Measuring ESG with GRESB
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Measuring ESG with GRESB

Reg Coker
Author: Reg Coker Data Analyst at Fabriq March 25, 2021

The focus this month is on GRESB, once again. The countdown to the opening of the GRESB Portal on the 1st of April is well and truly underway. For those of you who do not yet know, GRESB is an organisation founded by investors recognising the need to set standards on behaviours and practices in the real estate space, consequently making real estate investments compliant with desirable attributes falling under the ESG umbrella.

What exactly is ESG?

ESG is an acronym for Environmental Social and Governance and is an umbrella term for key areas of

sustainability and ethical practices of businesses. It covers a broad set of practices including company strategy, leadership & management style, stakeholder engagement policies and energy conservation practices, to name a few. The table below lists and categorises some of these practices under the environmental, social or governance headers and by no means is this representative of an exhaustive list, and here lies part of the problem. If you are not familiar with the term ESG, it can seem somewhat nebulous; the significance of ESG categories vary from industry to industry; more so, the difficulty lies in recognising those categories that are relevant and pose material financial risk to organisational objectives and assessing them in terms of likelihood, magnitude and impact.


Why is ESG important

Looking through the table, some of the practices listed under the social and governance categories are good practices that most organisations should follow. For instance, the contribution of gender and diversity to the workplace is well documented and recognised for its contribution to a more productive workplace, while raising workforce awareness in anti-bribery and anti-corruption can prevent misappropriation of funds. But I feel that these so-called behaviours and practices are mostly specific to a particular sector.

Who does ESG matter to?

Primarily, within the context of GRESB these are large institutional investors, who manage large funds and invest in real estate, either by purchasing physical assets but more commonly by purchasing shares in real estate companies. ESG reporting helps investors assess the fitness of companies in the real estate space. In light of the ever evolving regulation, evaluating real estate ESG risk and exposure alongside the more traditional methods of real estate valuation is fast becoming the norm. Investors have come to rely on GRESB, the preeminent real estate rating agency to report on the relative ESG ratings of real estate companies.

How does GRESB measure ESG

What GRESB has managed to do is to create a framework of measurement around these desirable and sought-after qualities. The framework is designed to identify and disclose those factors impacting real estate assets - factors which may also have a material effect on investment. The framework itself is divided into three components:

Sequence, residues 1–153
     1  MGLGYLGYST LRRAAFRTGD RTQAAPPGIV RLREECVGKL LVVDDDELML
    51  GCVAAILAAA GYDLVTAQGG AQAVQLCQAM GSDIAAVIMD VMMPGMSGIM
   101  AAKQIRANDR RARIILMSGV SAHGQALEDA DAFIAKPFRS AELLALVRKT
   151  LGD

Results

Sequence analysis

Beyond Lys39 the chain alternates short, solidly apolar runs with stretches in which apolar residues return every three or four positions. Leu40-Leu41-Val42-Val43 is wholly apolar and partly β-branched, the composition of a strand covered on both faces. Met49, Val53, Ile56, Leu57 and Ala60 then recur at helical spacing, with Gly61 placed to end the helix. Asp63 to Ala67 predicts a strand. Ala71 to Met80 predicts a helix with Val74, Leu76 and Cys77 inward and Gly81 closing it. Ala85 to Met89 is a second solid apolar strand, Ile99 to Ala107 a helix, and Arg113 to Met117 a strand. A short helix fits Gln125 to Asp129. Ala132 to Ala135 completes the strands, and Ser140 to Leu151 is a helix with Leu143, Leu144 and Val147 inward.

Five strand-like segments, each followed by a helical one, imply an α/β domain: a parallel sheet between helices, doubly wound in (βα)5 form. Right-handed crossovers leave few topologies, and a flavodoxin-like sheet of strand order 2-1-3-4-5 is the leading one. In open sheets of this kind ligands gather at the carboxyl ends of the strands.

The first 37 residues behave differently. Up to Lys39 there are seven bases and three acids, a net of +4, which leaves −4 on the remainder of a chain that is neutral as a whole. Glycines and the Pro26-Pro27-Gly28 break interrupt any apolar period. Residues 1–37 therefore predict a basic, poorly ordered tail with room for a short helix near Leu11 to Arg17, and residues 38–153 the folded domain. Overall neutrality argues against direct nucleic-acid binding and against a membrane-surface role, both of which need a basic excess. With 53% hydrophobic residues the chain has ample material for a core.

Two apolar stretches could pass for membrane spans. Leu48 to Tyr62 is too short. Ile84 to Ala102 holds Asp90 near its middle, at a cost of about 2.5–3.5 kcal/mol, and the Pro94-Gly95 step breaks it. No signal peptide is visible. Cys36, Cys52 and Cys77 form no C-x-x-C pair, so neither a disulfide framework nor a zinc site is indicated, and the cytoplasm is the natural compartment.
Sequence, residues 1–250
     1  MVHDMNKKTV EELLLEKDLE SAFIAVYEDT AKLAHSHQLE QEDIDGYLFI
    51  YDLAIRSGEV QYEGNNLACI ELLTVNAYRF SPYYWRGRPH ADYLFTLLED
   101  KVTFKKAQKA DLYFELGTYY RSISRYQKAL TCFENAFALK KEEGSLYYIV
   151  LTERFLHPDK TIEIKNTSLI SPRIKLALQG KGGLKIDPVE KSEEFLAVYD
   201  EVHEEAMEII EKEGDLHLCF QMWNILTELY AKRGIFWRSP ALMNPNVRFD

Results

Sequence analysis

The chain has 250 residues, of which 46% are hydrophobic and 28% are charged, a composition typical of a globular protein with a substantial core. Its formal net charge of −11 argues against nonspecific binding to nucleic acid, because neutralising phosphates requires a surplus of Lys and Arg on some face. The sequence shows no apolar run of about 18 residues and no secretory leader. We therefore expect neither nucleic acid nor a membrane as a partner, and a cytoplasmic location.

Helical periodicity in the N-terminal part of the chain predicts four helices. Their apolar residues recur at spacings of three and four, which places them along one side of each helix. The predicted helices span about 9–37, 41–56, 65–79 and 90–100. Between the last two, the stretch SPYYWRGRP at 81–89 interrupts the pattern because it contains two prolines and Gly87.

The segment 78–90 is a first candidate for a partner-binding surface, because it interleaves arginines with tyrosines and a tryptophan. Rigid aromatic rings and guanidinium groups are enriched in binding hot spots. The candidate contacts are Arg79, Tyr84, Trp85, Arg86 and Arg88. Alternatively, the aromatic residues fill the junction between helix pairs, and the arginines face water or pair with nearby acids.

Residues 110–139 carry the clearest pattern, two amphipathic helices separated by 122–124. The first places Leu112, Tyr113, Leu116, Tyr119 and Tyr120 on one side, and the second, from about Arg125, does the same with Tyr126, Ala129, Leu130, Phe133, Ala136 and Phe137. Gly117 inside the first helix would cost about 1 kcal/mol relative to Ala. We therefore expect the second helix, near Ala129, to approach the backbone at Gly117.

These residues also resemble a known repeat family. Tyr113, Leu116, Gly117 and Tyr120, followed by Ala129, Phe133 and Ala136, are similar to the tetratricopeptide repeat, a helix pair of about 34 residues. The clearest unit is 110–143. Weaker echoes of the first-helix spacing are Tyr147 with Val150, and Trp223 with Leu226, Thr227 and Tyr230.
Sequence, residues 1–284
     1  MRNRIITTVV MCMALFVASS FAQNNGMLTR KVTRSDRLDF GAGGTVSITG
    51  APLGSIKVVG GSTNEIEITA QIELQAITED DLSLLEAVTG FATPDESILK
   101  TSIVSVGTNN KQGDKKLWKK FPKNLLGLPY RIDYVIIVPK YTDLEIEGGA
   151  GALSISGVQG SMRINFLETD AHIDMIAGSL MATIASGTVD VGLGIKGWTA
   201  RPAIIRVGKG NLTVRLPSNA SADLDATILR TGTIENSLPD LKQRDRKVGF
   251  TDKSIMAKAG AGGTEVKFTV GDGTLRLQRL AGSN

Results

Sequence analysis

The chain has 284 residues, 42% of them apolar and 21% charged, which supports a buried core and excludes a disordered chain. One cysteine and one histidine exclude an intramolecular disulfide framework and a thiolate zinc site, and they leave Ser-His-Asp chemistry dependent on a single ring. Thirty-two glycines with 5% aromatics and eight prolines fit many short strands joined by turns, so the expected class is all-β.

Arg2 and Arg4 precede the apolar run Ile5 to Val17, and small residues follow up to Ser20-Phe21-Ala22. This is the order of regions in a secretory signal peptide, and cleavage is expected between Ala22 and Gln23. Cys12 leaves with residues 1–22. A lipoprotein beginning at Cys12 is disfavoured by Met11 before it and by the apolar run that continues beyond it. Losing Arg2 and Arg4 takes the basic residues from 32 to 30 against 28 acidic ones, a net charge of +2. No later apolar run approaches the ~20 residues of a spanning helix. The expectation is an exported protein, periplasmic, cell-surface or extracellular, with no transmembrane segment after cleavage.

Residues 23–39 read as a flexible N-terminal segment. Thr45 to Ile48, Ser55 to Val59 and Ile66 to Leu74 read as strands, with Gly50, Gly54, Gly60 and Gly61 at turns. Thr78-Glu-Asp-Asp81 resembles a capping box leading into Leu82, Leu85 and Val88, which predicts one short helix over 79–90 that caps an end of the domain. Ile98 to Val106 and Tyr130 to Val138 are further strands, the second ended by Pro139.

Management - measures the entity’s strategy and leadership management, policies and processes, risk management and stakeholder engagement approach, comprising of information collected at the organisational level.

Performance - measures the entity’s asset portfolio performance, comprising of information collected at the asset and at the portfolio level. It is suitable for any real estate company or fund with operational assets. The Component includes information on performance indicators, such as energy consumption, GHG emissions, water consumption and waste

Development - measures the entity’s efforts to address ESG issues during the design, construction, and renovation of buildings. This Component is suitable for entities involved in new construction (building design, site selection and/or construction) and/or major renovation projects, with on-going projects or completed projects during the reporting period

There was a refactoring of the framework in 2020, which consolidated the previous seven components down to three - , as well as creating a clearer distinction between standing investments which are scored using the Management and Performance components only, and New Construction projects, scored using the Management and Development components only.

In comparison to other components, Performance, pertinent to standing investments, is more quantitative in nature and requires participants to collect energy, GHG, water and waste data at the asset level. Significantly, asset level data is no longer optional, and without the correct tools, this may increase the administrative burden, especially for organisations with a large portfolio of assets. The survey still makes heavy use of the questionnaire format which lends itself to mainly qualitative data. The beauty of GRESB is in how it enumerates responses into a final ESG score that can be used by the investor community.